detected by naked eye. This is agreement with a previous published data , which concluded that
copper can deposited at all sites even over the primary deposited Cu locations. This was behind the
positive shift in the OCP of pure Al to reach relatively the OCP of pure Cu metal (Fig. 4). This
conclusion is supported by AES survey analysis on the test coupons at the end of experiment of Fig. (4)
to allow quantitative identification of elements present at particular point on the surface to a depth of 5
um. The AES survey analysis is presented in Fig. (7a) which indicate that the peak related to Cu at 920
had increased in length to become maximum while Al peak at 1396 eV was not detected at that stage.
The selection of Al peak at 1396 eV for this study is occur because it is difficult to separate the Al and
Cu peaks either by XPS or AES owing to the overlapping of the minor peak of Cu with the main peak of
On the other hand the Al-Cu alloy in the same solution at the end of of Fig. (4) and the photograph of
Fig. (5) show different features. The final OCP shows higher oscillation rate at more negative OCP and
the surface at the end of the experiment show a severe attack around the Cu-clusters as represented in
the dark regions of photograph of Fig. (5d). To confirm these results and to identify the constituent
elements, it is possible through this versatility of the AES spectrometer to direct the electron beam to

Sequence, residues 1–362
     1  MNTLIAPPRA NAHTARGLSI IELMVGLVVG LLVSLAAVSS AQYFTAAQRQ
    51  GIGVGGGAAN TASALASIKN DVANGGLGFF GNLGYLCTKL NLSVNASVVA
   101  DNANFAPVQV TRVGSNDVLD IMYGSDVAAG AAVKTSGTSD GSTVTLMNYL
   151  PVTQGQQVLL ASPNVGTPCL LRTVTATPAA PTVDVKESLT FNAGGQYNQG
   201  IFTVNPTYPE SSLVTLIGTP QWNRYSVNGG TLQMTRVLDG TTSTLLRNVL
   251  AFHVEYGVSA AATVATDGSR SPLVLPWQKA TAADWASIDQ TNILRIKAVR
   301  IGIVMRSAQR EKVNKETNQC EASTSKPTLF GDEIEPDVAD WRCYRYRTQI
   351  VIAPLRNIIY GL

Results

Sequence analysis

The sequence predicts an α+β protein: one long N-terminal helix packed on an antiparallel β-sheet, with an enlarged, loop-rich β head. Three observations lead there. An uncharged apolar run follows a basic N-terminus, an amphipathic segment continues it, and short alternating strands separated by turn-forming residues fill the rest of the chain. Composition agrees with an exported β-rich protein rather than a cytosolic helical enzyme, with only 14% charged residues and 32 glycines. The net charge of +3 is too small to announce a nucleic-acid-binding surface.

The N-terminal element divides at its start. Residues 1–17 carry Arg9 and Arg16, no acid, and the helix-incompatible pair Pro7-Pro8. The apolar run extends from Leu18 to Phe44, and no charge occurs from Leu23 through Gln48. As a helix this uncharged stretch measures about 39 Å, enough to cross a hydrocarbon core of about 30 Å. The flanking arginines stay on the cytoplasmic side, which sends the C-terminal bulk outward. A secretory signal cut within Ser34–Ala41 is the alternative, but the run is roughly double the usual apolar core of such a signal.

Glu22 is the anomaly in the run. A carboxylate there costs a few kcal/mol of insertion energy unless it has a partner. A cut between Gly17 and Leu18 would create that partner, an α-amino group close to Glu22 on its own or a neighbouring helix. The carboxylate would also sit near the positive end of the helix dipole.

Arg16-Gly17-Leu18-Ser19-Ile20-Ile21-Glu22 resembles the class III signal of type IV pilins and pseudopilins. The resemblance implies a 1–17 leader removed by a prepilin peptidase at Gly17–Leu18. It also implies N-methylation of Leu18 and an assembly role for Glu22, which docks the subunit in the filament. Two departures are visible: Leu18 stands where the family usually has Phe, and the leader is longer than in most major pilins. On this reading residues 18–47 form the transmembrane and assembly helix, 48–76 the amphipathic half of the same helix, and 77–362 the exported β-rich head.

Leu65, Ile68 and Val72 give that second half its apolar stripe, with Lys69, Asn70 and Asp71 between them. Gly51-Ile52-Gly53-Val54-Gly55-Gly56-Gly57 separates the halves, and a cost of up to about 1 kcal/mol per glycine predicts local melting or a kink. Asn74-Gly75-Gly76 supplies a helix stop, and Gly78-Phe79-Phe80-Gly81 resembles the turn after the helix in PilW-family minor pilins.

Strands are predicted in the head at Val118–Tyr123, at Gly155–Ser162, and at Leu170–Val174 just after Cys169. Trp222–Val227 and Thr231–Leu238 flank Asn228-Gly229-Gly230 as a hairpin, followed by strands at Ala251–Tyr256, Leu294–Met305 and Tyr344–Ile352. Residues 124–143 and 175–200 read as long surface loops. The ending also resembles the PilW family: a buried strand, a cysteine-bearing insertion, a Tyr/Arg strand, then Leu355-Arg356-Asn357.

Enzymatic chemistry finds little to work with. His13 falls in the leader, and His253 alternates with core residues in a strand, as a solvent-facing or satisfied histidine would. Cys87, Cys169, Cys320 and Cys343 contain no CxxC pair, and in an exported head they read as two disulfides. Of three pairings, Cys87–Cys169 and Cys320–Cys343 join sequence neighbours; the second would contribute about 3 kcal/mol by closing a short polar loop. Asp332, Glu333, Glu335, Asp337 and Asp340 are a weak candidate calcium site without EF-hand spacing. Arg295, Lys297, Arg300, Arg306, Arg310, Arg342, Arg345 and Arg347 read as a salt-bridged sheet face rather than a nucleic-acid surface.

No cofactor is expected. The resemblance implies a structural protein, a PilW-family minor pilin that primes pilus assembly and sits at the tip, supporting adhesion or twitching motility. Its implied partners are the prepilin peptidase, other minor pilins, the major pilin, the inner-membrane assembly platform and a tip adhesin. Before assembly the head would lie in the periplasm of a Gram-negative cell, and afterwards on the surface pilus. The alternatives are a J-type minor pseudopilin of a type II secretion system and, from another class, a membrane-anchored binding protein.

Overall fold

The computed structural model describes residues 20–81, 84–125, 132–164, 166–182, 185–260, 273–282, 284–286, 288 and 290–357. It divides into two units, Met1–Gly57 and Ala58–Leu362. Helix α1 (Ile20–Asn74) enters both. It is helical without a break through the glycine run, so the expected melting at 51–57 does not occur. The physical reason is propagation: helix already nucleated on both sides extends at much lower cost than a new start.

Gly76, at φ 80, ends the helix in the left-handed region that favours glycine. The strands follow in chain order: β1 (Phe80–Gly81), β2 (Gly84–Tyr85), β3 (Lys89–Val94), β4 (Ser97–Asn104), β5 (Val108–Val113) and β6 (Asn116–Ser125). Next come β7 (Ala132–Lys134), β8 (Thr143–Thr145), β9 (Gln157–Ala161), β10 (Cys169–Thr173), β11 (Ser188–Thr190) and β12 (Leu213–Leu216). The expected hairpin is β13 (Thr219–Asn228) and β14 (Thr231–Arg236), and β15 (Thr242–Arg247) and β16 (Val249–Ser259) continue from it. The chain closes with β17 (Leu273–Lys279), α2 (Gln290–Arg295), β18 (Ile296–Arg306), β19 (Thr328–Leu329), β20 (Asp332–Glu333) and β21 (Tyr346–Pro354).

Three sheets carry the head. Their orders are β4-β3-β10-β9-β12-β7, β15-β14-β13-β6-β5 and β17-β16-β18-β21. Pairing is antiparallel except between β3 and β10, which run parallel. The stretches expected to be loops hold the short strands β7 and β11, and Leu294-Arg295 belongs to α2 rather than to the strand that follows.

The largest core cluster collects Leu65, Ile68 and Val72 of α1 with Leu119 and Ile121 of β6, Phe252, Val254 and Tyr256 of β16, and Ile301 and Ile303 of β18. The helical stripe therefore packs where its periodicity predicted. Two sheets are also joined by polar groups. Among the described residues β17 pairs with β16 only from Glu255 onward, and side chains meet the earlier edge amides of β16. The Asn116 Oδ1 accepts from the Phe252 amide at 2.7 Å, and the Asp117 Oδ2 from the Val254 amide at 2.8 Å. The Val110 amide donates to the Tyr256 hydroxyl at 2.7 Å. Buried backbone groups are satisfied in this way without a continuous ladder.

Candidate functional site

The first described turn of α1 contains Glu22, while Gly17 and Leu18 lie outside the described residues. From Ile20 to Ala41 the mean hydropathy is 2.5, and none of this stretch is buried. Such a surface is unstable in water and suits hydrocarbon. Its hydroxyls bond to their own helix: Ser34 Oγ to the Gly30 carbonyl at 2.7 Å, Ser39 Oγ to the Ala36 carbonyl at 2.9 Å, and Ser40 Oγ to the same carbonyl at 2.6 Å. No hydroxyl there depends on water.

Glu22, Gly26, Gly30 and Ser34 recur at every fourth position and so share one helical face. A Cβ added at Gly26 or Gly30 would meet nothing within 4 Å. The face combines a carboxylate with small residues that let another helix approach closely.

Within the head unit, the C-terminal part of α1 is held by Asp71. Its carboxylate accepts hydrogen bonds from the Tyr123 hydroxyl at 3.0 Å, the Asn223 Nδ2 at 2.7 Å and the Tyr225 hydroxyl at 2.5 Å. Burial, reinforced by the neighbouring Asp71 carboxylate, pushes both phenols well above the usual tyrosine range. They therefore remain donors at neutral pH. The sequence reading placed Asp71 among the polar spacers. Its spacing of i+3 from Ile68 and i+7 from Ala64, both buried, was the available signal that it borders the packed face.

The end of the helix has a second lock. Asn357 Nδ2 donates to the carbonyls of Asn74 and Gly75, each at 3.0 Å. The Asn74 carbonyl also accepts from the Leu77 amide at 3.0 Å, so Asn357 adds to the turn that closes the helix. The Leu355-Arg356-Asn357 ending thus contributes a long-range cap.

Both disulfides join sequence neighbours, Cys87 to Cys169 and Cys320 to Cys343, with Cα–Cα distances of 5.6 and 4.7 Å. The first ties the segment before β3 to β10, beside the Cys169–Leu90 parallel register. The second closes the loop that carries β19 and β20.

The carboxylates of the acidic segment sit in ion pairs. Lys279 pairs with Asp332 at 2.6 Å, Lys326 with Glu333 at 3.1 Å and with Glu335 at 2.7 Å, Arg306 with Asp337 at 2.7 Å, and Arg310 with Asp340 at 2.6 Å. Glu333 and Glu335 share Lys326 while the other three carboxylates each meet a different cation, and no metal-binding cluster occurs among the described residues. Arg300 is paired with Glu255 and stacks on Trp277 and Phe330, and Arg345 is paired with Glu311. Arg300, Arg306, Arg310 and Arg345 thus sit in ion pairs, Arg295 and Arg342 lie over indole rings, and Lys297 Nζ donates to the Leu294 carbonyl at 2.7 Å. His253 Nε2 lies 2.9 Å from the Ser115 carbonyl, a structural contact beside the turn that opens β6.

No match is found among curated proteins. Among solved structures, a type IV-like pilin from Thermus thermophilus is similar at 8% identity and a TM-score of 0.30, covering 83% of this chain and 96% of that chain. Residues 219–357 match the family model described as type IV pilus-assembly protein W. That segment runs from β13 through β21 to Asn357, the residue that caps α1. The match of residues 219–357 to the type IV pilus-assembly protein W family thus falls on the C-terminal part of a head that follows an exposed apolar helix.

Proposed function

specific points of the film, survey analysis was performed both in dark and white regions. The spectra
shown in Fig. (7b) in dark region show a very weak Cu signal beside Al and O shows enhanced signal
and the presence of C peak as a result of the adsorbed hydrocarbon formed from air atmosphere. On the
other hand the spectra in white region (inside the cluster) of Fig. (7c) shows that the Cu peaks become
maximum and also the presence of a weak peaks of Al and O. The presence of Al and O in the white
region (inside the cluster) are due to the thin nature of Cu cluster, which allow the electron beam to
detect Al and O from the Al2O3 underneath the Cu cluster. According to the results obtained from the
OCP, SEM and AES survey point analysis it can be concluded that a sever galvanic attack around the
cluster is occurred. The galvanic dissolution at the breifery of the Cu cluster can be extended to dissolve
the Al beneath the Cu cluster and caused detachment of some of these clusters from the alloy substrate